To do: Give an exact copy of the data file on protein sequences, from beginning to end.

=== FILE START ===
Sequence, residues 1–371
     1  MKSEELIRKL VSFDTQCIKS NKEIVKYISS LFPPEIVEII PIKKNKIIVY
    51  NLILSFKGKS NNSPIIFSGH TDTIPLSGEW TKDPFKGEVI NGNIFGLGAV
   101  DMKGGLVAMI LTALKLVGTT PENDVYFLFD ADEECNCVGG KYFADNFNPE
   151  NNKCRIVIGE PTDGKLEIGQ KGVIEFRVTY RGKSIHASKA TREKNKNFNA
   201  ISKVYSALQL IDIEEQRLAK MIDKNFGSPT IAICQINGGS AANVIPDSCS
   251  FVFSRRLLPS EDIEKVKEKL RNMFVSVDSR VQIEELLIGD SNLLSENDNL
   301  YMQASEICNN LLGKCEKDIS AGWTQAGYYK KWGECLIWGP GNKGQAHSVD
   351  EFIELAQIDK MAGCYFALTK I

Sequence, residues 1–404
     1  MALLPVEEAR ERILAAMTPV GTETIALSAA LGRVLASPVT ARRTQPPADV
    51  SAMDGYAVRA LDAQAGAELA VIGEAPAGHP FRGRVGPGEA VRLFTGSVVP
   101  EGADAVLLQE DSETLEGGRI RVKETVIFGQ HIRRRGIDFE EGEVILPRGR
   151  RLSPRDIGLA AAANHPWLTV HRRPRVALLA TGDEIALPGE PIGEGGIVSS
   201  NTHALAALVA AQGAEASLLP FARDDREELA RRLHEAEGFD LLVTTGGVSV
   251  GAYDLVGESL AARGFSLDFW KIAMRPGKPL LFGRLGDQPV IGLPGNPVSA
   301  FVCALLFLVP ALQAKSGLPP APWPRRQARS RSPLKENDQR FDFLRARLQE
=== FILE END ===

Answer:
Sequence, residues 1–371
     1  MKSEELIRKL VSFDTQCIKS NKEIVKYISS LFPPEIVEII PIKKNKIIVY
    51  NLILSFKGKS NNSPIIFSGH TDTIPLSGEW TKDPFKGEVI NGNIFGLGAV
   101  DMKGGLVAMI LTALKLVGTT PENDVYFLFD ADEECNCVGG KYFADNFNPE
   151  NNKCRIVIGE PTDGKLEIGQ KGVIEFRVTY RGKSIHASKA TREKNKNFNA
   201  ISKVYSALQL IDIEEQRLAK MIDKNFGSPT IAICQINGGS AANVIPDSCS
   251  FVFSRRLLPS EDIEKVKEKL RNMFVSVDSR VQIEELLIGD SNLLSENDNL
   301  YMQASEICNN LLGKCEKDIS AGWTQAGYYK KWGECLIWGP GNKGQAHSVD
   351  EFIELAQIDK MAGCYFALTK I

Sequence, residues 1–404
     1  MALLPVEEAR ERILAAMTPV GTETIALSAA LGRVLASPVT ARRTQPPADV
    51  SAMDGYAVRA LDAQAGAELA VIGEAPAGHP FRGRVGPGEA VRLFTGSVVP
   101  EGADAVLLQE DSETLEGGRI RVKETVIFGQ HIRRRGIDFE EGEVILPRGR
   151  RLSPRDIGLA AAANHPWLTV HRRPRVALLA TGDEIALPGE PIGEGGIVSS
   201  NTHALAALVA AQGAEASLLP FARDDREELA RRLHEAEGFD LLVTTGGVSV
   251  GAYDLVGESL AARGFSLDFW KIAMRPGKPL LFGRLGDQPV IGLPGNPVSA
   301  FVCALLFLVP ALQAKSGLPP APWPRRQARS RSPLKENDQR FDFLRARLQE